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Leicestershire Show, Saturday 27 August 2016 August 25, 2016

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We’re spinning, show-n-telling, & selling  our handspun, hand-dyed, hand-made textiles at the show. New showground – details here. Prices from £2.50 to £165 or thereabouts. Always happy to talk about what we’re doing, how items are made.

To Cotesbach Woolly Market on Saturday 6 August August 4, 2016

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We’re going spinning & hopefully selling at  Cotesbach Educational Trust as part of their Wool Week. cotesbach

Spinning Season October 16, 2015

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Autumn has ripped leaves from the trees, and winter daylight is too weak to take the crunchy skin off puddles. Spinners are oiling their wheels and settling in for a sedentary season. Not less busy and certainly not less productive, because hour after hour, sitting treadling produces miles of fine yarns.

Although modern spinners don’t stick to sheeps’ wool alone, the spinning year still follows the traditional ways of the past: fleece, shorn in early summer are washed whilst there’s a chance of drying outside. They’re picked over to remove a year’s worth of burrs and thorns, and carded or combed ready for spinning. Outdoors in a breeze, knots waft away for birds to pick up. About then, most spinners would support bringing back child labour – these stages are boring and time-consuming, and don’t need real skill. And they’re keeping us from spinning.

Now, with most rooms in the house insulated by bags of clean, fluffy wool, spinners can settle in for the hypnotic, addictive yarn production.

Hypnotic, when you’re alone, spinning smooth consistent yarn. Easy to lose yourself in the rhythm and flow: treadle, feed to the bobbin, treadle, feed to the bobbin. Keep the speed and feed even, and the yarn comes out unvarying and unbroken, and your thoughts can go where they will: tomorrow’s shopping list, or more thorny problems. All resolve as the wheel turns steadily, and your creativity plays whilst the gatekeeper in your head watches the yarn oblivious. You can do it blindfold, feeling the fibre your backhand is drafting towards the wheel, feeling the twist with your front hand before you let it onto the bobbin. Treadle, feed to the bobbin.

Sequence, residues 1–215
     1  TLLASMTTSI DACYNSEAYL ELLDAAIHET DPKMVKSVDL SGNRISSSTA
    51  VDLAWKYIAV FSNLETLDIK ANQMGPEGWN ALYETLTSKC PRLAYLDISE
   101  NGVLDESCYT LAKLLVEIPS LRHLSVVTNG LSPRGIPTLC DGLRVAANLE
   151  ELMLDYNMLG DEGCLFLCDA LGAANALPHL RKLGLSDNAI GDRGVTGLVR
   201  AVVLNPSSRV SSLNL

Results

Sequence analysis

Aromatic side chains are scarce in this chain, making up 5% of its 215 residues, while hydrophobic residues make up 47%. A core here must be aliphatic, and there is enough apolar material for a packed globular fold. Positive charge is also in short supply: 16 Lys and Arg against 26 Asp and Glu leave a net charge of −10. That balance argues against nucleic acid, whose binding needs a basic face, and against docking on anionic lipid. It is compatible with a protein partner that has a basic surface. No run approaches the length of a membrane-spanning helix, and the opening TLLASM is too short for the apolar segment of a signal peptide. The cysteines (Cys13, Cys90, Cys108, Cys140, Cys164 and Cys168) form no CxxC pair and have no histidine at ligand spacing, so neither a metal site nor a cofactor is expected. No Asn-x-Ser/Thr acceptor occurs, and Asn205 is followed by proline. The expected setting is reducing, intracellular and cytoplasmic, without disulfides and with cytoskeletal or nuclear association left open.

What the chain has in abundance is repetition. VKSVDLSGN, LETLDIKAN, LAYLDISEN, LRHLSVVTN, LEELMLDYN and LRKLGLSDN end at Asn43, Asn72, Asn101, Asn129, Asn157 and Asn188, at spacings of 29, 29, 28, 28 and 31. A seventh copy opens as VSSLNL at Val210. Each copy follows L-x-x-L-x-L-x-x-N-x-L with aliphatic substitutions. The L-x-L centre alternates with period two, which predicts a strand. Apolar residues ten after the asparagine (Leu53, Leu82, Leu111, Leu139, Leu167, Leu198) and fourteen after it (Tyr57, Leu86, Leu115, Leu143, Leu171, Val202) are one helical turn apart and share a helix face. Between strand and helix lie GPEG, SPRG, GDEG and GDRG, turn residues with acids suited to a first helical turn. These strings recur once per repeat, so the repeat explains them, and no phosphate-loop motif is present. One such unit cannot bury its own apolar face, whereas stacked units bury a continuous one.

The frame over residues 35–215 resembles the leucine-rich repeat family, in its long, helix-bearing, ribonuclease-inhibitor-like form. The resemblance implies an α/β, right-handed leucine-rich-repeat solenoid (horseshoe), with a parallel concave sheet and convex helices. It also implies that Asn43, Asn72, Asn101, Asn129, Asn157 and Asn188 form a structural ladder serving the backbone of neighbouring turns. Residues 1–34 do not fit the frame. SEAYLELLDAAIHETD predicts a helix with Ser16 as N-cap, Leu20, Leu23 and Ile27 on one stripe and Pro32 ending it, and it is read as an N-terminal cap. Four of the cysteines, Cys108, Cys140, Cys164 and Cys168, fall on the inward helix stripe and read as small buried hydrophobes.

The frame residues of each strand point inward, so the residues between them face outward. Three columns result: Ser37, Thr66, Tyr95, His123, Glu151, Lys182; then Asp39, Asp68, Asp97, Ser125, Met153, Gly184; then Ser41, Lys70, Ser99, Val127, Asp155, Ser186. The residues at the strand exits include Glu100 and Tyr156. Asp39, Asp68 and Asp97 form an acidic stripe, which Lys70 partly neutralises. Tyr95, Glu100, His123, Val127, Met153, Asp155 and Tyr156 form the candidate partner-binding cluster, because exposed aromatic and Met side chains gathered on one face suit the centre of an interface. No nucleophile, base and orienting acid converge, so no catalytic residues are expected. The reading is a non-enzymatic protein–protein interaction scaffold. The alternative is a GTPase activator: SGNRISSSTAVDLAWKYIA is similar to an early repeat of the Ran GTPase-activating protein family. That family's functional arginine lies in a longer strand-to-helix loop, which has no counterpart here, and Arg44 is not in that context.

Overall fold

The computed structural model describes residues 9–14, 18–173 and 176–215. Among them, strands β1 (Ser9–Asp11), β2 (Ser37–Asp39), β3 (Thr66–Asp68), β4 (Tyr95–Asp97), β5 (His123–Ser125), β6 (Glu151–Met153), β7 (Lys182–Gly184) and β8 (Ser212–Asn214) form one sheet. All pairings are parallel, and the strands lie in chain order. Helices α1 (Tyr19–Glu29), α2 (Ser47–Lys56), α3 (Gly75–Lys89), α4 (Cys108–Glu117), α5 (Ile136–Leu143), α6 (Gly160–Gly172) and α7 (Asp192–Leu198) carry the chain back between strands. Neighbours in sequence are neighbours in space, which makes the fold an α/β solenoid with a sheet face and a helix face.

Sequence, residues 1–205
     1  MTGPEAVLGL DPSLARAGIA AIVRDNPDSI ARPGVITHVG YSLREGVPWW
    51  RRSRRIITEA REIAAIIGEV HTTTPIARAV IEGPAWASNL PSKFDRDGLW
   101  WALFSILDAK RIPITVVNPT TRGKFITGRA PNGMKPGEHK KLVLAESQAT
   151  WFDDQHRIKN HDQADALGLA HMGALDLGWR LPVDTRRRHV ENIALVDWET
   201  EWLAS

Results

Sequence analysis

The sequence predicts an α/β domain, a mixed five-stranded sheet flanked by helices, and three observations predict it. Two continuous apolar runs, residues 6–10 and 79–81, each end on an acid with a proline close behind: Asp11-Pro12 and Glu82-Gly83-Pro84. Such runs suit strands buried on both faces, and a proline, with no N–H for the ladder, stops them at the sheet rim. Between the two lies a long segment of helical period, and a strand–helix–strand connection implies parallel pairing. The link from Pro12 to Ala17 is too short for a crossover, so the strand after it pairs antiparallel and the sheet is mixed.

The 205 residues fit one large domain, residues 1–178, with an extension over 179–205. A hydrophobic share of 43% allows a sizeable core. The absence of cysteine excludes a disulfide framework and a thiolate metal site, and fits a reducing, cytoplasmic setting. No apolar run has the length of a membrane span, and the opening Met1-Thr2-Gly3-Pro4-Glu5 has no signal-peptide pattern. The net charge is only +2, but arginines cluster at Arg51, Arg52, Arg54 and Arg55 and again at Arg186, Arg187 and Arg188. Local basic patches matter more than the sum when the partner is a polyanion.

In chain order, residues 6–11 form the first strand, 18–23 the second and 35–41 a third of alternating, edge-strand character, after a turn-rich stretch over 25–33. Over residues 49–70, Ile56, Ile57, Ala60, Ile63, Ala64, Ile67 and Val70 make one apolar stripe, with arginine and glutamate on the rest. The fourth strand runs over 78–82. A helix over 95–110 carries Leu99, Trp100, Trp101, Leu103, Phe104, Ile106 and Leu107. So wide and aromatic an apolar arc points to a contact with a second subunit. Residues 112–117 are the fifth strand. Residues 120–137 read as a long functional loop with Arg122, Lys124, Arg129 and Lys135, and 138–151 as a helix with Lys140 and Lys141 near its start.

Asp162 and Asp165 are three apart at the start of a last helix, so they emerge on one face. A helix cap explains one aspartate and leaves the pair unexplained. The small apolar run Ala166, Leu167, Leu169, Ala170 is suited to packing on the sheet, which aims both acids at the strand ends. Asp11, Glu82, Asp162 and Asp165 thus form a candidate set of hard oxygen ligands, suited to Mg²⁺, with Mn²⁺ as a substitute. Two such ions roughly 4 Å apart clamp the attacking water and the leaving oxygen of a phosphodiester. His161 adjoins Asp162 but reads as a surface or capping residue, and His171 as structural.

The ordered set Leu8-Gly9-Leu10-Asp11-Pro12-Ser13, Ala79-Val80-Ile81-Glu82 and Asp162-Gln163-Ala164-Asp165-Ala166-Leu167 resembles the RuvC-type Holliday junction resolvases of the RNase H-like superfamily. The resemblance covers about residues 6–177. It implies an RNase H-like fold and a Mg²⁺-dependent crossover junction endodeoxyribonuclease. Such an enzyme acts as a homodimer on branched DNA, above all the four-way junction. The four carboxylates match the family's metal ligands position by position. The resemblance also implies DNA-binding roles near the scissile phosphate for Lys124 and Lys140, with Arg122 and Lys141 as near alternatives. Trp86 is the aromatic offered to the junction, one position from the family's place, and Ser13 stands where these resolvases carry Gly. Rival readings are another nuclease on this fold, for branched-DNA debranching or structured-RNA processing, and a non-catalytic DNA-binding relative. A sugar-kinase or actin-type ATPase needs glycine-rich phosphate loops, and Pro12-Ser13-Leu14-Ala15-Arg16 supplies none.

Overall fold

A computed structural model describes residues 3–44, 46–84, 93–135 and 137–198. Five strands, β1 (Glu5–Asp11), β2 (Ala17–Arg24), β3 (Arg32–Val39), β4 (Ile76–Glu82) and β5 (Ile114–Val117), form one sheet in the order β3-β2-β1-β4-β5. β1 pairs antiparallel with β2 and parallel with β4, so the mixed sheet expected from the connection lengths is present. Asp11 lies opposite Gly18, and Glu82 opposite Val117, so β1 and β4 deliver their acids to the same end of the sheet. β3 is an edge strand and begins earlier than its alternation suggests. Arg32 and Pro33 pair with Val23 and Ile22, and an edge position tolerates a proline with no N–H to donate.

Of course, with big families and small rooms, this is a luxury most spinsters did not enjoy a century ago. Today, we still get together to spin, as happened in the past.only then, to save on heat and candles, and to meet an urgent order, or just to put food on the table. We get together to spin socially – in guilds across the country.

We share meals and we share ideas – we’re not limited to functional homespun yarns for simple knitting and weaving, so colours and effects highlight the dismal light on a wintry day. No two projects will be the same in a meet of twenty plus spinners. There’s a lot to learn there, and not a single formal teacher – we pass the knowledge by word and feel and hand, just as it always happened.

Not many will have the same design of wheel either – although the basic mechanism is the same. A four-hundred-year –old spinner would still recognise and get a modern wheel working: treadle turns the bigger flywheel, which turns the smaller whorl faster; flyer spins round the bobbin, adding twist and winding on the yarn.

We might have the same type of wheel, but we rarely aspire to be as productive as spinsters in the past had to be. In medieval Coventry, a spinster would be expected to spin a 2 ½ pound fleece in a week. And walk miles with the spun yarn – to get paid and pick up the next fleece. All the young and adult women in a family would spin. As well as tending the vegetable garden, cooking and cleaning, and looking after kids. They would need to keep on top of it, especially if the man of the house was a weaver – it took twelve spinsters to keep one weaver in yarn.

Unlike the medieval spinners, we are free to choose our own fleece –sixty-plus breeds of British sheep give us permutations of fibre characteristics. So as evenings lengthen, we’ll be spinning long lustrous Wensleydale for a shaggy jacket, fine crimped Shetland for a traditional shawl, Piebald Jacob for a humbug-stripe pullover. On round the room, we’ll stop, and stroke, and slaver, and wonder if we can squeeze anything else into our stash. It’s satisfying to support smallholders, who are bringing back our rarer breeds, and as we treadle, we’ll be dreaming up our own queue of must-do projects.